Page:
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16% of Canadians will experience infertility in some way, shape or form. 

This is a space where we will share their stories, to let others know they are not alone, and to let the healing begin. 

Bradley's Story

Bradley's Story

We created The 16 Percent community in hopes of sharing stories from both men or women. We are always thankful to ANYONE who decides to share their story with us because we know how hard it can be to do. We love our brave community! 

Although both sexes are almost equally affected by infertility, men are rarely willing to talk about their own experience with it. We hope that in by sharing Bradley’s story, more men will come forward with their stories to help remove the stigma and shame around male infertility. Thank you, Bradley, for being so open about your experience with infertility.

If you know anyone who would like to share their story with The 16 Percent, please email the16percent@gmail.com. 

To learn more about the work Bradley does, please check 
out his Instagram: @bestrongstayfit

You can also read about him in Time Magazine (GREAT article that really sheds light on male infertility):
http://time.com/5492615/male-infertility-taboo-society-shame/

Now it's time for the interview! 

xo,

Ariel

1) What is your personal experience with infertility/miscarriage? 

I’m the one who’s infertile so it’s been interesting to say the least. My wife and I knew there was a chance of infertility many years ago, since I was a competitive bodybuilder and former steroid user. Never did we think it’d be this bad though. Between having to “get off” into a cup every 3 months so my semen can be tested, to taking daily injections for months on end, to dealing with the psychological and physical side effects; it’s been quite the experience. 

2) How has it made your life worse? How has it made your life better? 

Better? I think it will only better when we have a successful pregnancy. Worse? Financially, it’s draining. Emotionally, it’s exhausting. Physically, it’s emasculating.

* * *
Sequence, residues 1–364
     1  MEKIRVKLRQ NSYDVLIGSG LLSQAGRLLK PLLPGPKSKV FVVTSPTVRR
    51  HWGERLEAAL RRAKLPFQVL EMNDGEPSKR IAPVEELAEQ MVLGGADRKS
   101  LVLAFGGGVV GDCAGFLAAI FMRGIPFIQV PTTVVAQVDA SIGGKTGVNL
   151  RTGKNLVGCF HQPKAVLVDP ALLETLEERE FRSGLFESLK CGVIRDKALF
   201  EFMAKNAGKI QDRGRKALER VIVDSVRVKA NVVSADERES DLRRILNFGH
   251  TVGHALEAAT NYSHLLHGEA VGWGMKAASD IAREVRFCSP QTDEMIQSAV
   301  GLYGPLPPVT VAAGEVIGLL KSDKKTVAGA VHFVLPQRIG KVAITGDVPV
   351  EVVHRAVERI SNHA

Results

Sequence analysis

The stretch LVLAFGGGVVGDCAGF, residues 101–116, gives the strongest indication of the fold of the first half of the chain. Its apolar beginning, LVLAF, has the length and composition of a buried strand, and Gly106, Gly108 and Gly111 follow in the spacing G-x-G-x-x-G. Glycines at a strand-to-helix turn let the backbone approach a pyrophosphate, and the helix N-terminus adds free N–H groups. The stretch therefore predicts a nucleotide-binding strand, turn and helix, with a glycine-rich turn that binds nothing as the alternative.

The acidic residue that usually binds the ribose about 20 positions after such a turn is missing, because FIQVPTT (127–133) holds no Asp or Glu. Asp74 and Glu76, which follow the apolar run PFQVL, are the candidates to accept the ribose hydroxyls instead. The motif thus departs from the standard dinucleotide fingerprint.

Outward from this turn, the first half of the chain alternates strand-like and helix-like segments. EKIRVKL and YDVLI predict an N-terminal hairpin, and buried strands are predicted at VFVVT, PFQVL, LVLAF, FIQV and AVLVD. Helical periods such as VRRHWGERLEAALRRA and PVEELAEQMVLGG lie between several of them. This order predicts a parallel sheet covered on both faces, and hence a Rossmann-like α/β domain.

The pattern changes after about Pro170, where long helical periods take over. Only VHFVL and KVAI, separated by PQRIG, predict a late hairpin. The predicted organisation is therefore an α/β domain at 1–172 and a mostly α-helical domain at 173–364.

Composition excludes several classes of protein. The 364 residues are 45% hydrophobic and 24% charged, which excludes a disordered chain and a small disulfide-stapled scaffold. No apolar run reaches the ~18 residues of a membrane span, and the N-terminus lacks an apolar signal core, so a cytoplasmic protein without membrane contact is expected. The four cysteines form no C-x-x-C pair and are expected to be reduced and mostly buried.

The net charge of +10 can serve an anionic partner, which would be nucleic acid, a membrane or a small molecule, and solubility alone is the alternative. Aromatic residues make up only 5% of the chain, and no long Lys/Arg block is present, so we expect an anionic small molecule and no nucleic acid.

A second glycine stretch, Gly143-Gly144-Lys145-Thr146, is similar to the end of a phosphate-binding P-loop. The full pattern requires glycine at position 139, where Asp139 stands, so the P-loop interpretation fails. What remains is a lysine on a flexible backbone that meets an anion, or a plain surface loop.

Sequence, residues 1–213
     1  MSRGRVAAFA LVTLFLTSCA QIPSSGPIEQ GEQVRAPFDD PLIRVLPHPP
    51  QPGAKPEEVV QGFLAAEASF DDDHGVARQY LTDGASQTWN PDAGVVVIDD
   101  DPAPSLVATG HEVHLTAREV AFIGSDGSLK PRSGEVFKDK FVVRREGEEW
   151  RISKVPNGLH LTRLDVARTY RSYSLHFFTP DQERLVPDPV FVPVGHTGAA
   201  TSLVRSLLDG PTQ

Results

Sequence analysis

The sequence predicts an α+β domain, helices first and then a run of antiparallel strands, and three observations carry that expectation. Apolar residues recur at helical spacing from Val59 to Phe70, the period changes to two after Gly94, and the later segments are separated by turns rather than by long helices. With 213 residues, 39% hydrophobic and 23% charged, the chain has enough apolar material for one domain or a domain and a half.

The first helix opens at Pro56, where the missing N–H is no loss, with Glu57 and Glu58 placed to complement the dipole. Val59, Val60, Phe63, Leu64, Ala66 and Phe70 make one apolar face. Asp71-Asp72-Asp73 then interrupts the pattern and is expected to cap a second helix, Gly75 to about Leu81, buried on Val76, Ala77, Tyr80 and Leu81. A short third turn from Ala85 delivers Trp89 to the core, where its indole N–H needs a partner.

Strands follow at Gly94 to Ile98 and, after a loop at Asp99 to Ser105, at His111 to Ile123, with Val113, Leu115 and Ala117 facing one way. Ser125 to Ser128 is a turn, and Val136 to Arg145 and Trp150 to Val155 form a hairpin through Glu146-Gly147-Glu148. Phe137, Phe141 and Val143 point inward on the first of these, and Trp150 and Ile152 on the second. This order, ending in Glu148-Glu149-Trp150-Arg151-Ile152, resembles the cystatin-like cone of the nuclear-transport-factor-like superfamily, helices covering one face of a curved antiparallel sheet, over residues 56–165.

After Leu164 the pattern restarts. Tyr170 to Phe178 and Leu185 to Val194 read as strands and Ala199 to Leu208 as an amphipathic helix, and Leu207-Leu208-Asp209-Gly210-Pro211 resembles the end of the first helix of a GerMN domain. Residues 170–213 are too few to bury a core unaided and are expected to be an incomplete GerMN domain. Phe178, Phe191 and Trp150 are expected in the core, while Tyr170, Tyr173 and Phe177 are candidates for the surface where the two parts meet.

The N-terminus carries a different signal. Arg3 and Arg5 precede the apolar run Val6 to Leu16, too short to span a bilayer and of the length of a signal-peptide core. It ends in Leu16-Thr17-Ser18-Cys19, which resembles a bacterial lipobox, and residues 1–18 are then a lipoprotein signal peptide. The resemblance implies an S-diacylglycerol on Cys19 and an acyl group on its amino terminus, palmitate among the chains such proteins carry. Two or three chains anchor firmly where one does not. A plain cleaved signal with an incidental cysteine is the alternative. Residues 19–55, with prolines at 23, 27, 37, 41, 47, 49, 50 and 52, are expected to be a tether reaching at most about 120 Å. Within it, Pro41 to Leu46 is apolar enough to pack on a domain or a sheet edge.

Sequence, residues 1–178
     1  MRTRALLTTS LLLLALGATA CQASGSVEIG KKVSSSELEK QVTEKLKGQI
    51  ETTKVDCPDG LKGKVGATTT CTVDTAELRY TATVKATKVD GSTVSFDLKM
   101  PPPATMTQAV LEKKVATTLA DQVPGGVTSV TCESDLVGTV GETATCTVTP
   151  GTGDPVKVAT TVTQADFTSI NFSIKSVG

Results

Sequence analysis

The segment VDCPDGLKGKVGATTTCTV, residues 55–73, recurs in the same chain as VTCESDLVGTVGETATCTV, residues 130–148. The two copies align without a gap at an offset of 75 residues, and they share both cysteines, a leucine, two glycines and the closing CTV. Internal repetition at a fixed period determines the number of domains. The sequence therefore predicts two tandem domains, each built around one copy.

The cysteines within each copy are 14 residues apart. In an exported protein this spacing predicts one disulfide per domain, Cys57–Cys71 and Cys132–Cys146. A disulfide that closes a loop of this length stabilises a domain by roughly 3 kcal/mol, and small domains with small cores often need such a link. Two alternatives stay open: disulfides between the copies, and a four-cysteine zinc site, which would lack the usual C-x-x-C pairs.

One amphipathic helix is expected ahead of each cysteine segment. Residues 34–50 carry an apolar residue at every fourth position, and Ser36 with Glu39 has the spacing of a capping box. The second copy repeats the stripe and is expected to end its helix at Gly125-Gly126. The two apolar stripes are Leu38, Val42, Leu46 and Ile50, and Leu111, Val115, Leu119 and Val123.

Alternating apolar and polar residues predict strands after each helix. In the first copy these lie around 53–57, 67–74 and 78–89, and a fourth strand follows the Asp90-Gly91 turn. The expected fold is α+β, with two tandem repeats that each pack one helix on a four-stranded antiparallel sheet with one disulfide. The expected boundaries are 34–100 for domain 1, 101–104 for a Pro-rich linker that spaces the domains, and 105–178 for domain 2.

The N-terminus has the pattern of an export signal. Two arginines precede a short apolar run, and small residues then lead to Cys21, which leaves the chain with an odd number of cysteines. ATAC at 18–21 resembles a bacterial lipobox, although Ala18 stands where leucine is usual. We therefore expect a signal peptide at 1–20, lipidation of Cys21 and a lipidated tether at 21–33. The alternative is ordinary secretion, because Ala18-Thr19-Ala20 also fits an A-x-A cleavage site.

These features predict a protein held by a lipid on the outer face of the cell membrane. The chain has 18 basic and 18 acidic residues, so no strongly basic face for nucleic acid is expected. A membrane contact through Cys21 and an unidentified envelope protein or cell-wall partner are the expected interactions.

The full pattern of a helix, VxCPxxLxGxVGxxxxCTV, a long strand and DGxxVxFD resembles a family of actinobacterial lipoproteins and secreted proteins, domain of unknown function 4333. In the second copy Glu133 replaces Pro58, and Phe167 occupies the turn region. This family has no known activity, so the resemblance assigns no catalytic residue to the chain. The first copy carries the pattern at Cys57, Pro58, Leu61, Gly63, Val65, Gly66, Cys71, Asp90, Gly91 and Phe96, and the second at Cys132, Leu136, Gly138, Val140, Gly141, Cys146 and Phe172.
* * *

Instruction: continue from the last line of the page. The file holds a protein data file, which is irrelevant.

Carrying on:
3) When & how did you realize that you were going to be able to carry on after infertility/ miscarriage? 

We try to communicate as much as possible and we have to constantly remember that we are a team. We’ve beaten hardship together before and we know we can overcome this too. 

4) What have you learned through this experience? 

So much. I’ve learned more about pregnancy, infertility, and hormones than I ever thought I would have to in my life. Most importantly though, I’ve seen the true strength of my marriage and love that my wife has for me and me for her. We do a really good job of trying not to let the “bullshit” of this seep into our day-to-day life. With that being said, no one knows how hard it is behind closed doors. These drugs are no fun. They mess with you mentally. They break you down physically. My wife has been there with love, strength, and support every single step of the way. 

5) What do you hold on to for hope/courage/strength on your bad days? 

The possibility of a family. There really isn’t much else to get you through when the bad hits. 

6) How do you feel about your experience with infertility on your good days? 

I still don’t wish it on anyone. I’ve tried to speak up about Male Factor Infertility (MFI) in hopes to help others that will, or who are currently experiencing this. I will say though, if you can make it out to the other side, your relationship become MUCH stronger. 

7) In what ways has your experience with infertility/miscarriage changed you as a person? 

I’ve spent the better part of a decade focusing on myself. Building my physique, my career, etc. This has to be the hardest thing I’ve put myself through with full awareness of how it’s going to affect me negatively in the process. I’ve grown a new respect for ANYONE who goes through this and a much greater appreciation for all the women that have endured any negative effects that come along with pregnancy. 

9) How have others responded to your infertility situations? Has it impacted your relationships? What are some things you’ve been told that have been helpful/harmful? 

You can read through the lovely comments that I received from readers of Time Magazine (50/50 negative and positive). As for people I know personally, there has been an OUTPOURING of love, encouragement and support. As for my relationships, not so much, but it’s hard sometimes. I don’t really like to be social anymore, it’s hard to hear when others are pregnant and it’s really hard for me to continue to do what I love (workout) since my body is currently catabolic due to the immensely low testosterone levels since I can’t be on TRT while on fertility treatment. 

10) What is your favourite quote? 

My morning mantra that is posted to my story daily is#TTGSD .. time to get shit done. Usually it’s work that I ’m referring to or achieving your fitness goals but lately it applies to everything in my life. Work, fitness, and lately this infertility journey. Doesn’t matter how badly I don’t want to take another injection, or go to another appointment, or pay for another round of meds... it’s just time to get shit done and make things happen. Keep your head down, stay in your lane, and have a relentless mindset to achieve what you want to achieve.

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